BAE Systems PLC (LON:BA.) shares rose on Monday has agreed to spend US$2.2bn on military GPS business and an airborne radios unit being sold off as part of the merger of US defence giants Raytheon Co (NYSE:RTN) and United Technologies Corp (NYSE:UTX).
The FTSE 100 group said it had agreed to buy Collins Aerospace’s military GPS arm for US$1.93bn cash from United Technologies.
It has also struck a deal to acquire Raytheon's airborne tactical radios business for US$275m cash.
BAE, which is buying the Collins assets with external debt and those from Raytheon using existing cash, said that as they were asset purchases, they were expected to bring a tax benefit of around US$365mln and US$50mln respectively.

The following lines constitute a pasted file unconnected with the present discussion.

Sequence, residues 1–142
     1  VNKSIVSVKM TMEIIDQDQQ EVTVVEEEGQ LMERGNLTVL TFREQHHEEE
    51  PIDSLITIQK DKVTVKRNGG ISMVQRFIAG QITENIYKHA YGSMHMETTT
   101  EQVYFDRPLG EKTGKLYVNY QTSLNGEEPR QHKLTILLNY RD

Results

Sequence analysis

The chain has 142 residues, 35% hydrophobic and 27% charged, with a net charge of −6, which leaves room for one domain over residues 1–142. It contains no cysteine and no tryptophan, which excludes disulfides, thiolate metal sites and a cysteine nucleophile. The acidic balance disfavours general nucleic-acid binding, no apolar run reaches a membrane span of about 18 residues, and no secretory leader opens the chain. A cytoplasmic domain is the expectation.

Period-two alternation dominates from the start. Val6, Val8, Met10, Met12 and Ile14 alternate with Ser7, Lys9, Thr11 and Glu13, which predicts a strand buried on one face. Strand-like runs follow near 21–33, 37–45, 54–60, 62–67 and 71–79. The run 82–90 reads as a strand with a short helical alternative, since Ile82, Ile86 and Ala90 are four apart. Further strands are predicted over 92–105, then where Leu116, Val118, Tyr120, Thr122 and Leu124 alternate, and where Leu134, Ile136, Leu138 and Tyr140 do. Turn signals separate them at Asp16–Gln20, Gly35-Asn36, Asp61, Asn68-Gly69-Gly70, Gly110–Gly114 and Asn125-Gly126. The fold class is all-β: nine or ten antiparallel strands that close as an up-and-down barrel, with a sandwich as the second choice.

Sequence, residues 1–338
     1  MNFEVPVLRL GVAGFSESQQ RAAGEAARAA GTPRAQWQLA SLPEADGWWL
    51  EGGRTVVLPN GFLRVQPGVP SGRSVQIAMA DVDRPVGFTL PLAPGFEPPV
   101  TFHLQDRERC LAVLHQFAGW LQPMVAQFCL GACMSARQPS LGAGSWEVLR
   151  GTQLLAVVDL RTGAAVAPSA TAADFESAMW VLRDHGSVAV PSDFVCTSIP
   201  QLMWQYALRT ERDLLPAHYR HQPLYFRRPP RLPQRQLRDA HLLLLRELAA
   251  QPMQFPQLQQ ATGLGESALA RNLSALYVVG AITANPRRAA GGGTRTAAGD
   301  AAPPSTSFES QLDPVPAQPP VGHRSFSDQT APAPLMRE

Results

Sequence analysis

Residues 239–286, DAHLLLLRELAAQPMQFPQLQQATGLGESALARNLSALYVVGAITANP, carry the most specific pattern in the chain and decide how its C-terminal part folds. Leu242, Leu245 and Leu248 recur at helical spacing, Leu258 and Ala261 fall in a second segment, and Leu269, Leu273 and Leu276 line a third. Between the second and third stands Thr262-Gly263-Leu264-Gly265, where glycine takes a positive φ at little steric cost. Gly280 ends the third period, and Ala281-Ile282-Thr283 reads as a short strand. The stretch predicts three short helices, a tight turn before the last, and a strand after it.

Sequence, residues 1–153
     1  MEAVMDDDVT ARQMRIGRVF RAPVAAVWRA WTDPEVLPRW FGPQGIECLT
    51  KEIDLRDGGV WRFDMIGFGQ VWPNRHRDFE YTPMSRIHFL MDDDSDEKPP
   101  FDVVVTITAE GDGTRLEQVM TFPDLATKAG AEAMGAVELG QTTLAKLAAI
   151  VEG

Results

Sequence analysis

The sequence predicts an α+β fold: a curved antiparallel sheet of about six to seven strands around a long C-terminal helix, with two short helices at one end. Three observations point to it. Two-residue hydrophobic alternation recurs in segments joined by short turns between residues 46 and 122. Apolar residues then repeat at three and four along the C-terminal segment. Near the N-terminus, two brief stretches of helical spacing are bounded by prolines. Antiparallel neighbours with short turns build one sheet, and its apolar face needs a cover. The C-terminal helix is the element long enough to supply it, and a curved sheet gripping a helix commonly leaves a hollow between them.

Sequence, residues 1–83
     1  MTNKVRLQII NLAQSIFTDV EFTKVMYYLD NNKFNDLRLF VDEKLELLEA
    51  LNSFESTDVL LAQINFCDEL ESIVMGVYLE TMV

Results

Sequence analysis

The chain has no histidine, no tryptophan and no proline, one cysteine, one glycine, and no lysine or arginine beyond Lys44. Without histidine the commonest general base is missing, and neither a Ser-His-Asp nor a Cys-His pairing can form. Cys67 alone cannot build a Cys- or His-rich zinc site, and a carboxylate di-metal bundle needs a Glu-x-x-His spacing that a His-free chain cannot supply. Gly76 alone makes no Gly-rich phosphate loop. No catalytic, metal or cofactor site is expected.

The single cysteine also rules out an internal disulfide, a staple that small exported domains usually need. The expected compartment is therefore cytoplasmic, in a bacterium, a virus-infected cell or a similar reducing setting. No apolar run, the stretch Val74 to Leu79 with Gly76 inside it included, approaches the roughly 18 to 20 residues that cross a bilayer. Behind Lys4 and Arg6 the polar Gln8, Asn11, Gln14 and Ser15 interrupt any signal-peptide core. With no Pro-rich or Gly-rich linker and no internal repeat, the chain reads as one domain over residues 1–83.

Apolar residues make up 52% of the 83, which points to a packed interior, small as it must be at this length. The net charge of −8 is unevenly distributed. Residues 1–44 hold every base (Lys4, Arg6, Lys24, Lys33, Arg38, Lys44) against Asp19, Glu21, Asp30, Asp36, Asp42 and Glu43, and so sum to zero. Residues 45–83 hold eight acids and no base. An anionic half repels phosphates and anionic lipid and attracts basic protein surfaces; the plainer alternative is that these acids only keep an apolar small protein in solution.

Charles Woodburn, BAE’s chief executive, said: “It's rare that two businesses of this quality, with such strong growth prospects and close fit to our portfolio, become available.
“The strategic and financial rationale is strong and these proposed acquisitions, which are focused on areas of highest priority defence spending, will further enhance the group's opportunity for continued growth in Electronic Systems.”
Both purchases, which are subject to the successful closure of Raytheon’s merger with United Technologies Corporation, will then be integrated into BAE’s existing US-based Electronic Systems arm.
In morning trading, BAE shares were 2.7% higher at 641.40p.
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